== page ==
Feather: When the rower extracts the blade from the water, they swivel it, so that the spoon skims parallel over the water during the recovery.

Finish: The part of the stroke cycle just before the oar is taken from the water.

Frontstop: The end of the slide nearest the stern. It’s also used interchangeably with 3rd Position which is when the rower sits with their legs at 90-degrees and the blade spoon at the furthest point to the bows.

G

Gate: Gates must always face forwards and keep the blade in place.

Go for home: From the 100m mark on, you’ll hear everyone yelling “Go for home!”. This is the last intense push for the finish.

H

Head race: In a head race the boats are let off in 10 seconds intervals and the fastest time goes through to the next stage. They’re essentially racing against the clock and not against other rowers.

Heads: This an important one to know. If you hear someone shout “HEADS!”, duck. Duck quickly and decisively or get beheaded by a boat.

P

Push for 10: This is an intensive push using everything they’ve got for 10 strokes to get ahead and then maintain their speed.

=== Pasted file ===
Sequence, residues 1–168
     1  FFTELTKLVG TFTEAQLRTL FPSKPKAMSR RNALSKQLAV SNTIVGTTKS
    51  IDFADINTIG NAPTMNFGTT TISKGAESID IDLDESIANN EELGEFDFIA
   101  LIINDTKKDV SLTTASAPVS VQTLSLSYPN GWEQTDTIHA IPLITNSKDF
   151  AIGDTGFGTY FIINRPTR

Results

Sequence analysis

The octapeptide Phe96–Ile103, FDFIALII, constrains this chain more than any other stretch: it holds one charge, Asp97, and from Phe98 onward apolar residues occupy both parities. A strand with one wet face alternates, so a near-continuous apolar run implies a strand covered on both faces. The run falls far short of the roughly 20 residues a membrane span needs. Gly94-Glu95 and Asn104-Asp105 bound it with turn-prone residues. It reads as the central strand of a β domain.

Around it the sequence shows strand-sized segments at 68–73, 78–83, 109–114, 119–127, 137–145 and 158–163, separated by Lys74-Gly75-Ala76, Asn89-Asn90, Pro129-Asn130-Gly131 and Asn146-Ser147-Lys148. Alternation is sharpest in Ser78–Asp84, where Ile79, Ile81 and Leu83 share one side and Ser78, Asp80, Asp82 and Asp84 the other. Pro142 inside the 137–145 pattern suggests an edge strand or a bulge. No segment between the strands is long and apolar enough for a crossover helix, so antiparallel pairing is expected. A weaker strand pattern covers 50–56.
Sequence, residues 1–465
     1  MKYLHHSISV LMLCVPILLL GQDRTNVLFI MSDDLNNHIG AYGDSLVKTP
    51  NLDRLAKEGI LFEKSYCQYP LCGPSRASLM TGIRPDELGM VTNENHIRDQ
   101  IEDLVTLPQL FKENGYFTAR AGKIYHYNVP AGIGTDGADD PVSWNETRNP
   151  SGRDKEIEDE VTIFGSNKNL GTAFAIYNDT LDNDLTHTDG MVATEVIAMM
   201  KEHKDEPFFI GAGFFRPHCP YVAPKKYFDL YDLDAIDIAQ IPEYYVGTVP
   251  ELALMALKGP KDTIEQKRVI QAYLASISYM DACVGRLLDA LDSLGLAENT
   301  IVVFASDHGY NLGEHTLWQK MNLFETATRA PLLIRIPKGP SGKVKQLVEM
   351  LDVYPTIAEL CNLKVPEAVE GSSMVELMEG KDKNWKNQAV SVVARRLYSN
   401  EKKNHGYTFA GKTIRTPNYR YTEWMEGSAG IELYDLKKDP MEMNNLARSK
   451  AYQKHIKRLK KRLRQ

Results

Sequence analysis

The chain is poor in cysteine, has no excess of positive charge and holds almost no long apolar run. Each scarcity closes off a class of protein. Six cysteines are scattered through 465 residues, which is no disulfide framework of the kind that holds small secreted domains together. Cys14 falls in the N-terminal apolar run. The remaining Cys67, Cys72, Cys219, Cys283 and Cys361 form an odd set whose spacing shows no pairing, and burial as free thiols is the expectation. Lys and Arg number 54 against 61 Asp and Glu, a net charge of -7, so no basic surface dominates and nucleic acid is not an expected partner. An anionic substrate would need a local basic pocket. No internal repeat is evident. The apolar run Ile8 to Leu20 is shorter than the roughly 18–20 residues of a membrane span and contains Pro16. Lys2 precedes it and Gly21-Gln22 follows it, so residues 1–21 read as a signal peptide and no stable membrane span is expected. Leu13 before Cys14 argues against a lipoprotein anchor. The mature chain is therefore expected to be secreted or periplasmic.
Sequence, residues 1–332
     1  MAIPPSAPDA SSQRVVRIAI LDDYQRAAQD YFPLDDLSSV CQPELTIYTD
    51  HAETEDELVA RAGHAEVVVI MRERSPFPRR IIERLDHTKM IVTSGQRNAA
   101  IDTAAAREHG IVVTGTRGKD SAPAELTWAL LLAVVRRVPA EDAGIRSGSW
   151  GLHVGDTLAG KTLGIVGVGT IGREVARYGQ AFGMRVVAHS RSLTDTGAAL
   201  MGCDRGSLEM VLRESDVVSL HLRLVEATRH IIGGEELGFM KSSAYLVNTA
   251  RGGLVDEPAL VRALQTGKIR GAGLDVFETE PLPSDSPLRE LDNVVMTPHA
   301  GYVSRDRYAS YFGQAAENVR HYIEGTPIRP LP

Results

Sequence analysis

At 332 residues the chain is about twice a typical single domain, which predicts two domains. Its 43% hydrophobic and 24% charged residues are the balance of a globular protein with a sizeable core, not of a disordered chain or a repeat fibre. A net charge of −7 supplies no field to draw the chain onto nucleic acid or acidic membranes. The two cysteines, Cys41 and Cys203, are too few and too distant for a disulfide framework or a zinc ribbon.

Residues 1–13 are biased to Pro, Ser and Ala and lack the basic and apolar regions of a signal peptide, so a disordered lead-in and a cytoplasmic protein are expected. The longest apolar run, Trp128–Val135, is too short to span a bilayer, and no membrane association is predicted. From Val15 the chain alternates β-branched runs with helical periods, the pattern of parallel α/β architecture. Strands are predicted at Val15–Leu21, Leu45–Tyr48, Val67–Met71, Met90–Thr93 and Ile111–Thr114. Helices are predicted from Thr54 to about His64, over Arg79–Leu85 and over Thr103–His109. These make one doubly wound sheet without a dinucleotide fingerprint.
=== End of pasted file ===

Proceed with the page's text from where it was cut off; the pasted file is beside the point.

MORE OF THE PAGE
R

Rate: The number strokes per minute.

Recovery: This is the last past of the stroke. The blade is feathered and out of the water and the rower must go slowly down the slide to recover before the next stroke begins.

Rigger (also Outrigger): This is the triangular metal framework that holds the blades apart.

Rigger jigger: A small spanner used for attaching and adjusting riggers. These are as rare as diamonds. You’ll end up buying many size 10 and 12 spanners. Keep a set in your car for emergencies.

ROWSA: The sport governing body for rowing in South Africa

Rudder: The cox uses the rudder to steer the boat.

S

SASRU: The South African Schools Rowing Union

Scull (discipline): There are two types of rowing: Scull and Sweep. Sculling is when one rower uses two blades. Hence – sculler. It’s also used to describe the type of boat.